Bone cancer is a rare disease in which cancer cells grow in the bone tissue. Cancer occurs when cells in the body, in this case bone cells, divide without control or order. Normally, cells divide in a regulated method. If cells keep dividing uncontrollably when new cells are not needed, a mass of tissue forms. This is called a growth or tumor. The term cancer refers to malignant tumors, which can invade nearby tissues and spread to other parts of the body. A benign tumor does not invade or spread.
Cancer may form in the bone or spread to the bone from another site in the body. When cancer starts in bone tissue, it is called primary bone cancer. When cancer cells travel to the bone from another site in the body, it is called secondary or metastatic cancer to the bone. Types of bone cancer include:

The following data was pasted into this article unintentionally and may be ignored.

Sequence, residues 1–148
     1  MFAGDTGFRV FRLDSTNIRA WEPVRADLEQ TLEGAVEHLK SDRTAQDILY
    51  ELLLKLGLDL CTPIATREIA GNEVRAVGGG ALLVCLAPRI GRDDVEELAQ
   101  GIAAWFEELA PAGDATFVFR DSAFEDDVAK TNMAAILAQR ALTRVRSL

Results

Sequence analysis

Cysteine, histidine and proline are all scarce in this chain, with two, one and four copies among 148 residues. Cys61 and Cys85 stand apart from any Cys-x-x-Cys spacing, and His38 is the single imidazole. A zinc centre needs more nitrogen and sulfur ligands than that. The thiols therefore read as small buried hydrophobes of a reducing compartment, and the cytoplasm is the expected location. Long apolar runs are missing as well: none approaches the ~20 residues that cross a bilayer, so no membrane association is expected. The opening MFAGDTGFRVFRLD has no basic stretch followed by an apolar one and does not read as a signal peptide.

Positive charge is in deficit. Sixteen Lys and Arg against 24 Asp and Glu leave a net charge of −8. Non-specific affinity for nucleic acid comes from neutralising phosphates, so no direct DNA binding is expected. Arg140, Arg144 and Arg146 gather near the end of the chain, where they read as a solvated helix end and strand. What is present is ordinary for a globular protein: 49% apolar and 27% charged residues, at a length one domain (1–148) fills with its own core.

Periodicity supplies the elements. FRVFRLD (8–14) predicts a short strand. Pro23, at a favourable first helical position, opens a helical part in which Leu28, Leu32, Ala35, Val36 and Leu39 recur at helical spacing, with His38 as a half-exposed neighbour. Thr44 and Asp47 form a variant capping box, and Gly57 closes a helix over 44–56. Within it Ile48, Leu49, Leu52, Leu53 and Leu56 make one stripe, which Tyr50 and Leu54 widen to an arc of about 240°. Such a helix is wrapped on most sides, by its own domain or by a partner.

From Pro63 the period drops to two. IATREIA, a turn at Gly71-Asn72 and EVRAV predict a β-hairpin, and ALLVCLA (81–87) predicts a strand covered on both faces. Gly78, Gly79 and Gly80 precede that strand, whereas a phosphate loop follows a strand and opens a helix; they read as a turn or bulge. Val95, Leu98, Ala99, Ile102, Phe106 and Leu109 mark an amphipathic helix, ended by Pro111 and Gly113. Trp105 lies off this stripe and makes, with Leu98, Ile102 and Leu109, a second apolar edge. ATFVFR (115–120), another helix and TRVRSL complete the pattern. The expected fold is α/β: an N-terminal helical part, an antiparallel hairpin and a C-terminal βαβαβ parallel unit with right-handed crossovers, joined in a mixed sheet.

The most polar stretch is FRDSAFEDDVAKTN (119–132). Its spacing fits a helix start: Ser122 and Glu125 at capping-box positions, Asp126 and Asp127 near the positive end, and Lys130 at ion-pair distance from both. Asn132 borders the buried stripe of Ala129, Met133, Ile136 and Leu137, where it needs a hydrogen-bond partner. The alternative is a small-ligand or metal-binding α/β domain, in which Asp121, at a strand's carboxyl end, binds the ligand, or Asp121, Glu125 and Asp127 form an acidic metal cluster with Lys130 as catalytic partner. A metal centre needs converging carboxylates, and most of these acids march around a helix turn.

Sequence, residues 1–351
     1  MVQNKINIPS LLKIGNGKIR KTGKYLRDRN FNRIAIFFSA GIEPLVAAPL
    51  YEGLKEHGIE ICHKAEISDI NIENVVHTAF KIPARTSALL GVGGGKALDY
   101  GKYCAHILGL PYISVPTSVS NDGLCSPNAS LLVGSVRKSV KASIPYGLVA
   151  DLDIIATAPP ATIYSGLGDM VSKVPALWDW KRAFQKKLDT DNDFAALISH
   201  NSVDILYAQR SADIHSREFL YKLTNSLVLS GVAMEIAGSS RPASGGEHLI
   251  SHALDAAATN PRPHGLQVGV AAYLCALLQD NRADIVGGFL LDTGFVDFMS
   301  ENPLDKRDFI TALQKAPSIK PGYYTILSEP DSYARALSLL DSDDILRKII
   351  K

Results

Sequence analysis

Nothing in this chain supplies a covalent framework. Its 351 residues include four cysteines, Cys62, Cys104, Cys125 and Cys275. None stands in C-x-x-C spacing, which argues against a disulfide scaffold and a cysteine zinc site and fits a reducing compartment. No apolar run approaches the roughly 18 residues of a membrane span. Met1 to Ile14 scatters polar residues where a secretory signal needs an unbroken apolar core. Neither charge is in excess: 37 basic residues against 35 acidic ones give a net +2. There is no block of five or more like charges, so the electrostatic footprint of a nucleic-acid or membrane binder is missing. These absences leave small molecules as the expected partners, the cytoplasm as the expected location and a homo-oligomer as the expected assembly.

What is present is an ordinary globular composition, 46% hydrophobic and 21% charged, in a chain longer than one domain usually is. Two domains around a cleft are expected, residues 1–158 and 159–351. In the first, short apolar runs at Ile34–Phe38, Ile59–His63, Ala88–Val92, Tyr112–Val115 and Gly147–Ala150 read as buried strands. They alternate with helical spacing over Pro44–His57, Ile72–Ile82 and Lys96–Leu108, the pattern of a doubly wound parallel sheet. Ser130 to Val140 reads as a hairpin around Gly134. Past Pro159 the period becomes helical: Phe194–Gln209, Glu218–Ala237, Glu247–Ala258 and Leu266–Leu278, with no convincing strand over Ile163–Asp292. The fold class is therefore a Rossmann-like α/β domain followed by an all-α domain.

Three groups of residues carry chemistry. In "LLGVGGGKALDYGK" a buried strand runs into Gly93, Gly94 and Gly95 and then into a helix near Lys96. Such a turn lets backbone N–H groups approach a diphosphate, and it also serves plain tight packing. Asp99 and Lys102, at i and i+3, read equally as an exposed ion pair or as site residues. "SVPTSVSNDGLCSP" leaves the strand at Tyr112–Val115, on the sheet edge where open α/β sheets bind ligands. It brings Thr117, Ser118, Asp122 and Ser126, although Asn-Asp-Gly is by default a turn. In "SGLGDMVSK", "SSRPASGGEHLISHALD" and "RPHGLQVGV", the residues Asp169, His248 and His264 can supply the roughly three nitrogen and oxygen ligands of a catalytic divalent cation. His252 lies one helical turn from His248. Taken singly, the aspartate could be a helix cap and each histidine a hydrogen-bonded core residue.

- Osteosarcoma—a cancerous tumor of the bone, usually of the arms, legs, or pelvis
- Chondrosarcoma —cancer of the cartilage
- Ewing's sarcoma —tumors that usually develop in the cavity of the leg and arm bones
- Fibrosarcoma and malignant fibrous histiocytoma—cancers that develop in soft tissues such as tendons, ligaments, fat, and muscle, and move to the bones of the legs, arms, and jaw
- Giant cell tumor—a primary bone tumor that is malignant cancerous; most common in the arm or leg bones
- Chordoma—primary bone tumor that usually occurs in the skull or spine
The cause of primary bone cancer is unknown. Genetics play a major role in most cases. Conditions that cause increased bone breakdown and regrowth over an extended period increase the risk of tumor development. This explains why osteosarcoma in children is most common during the adolescent growth spurt.
Last reviewedJune 2013by Igor Puzanov, MD; Michael Woods, MD
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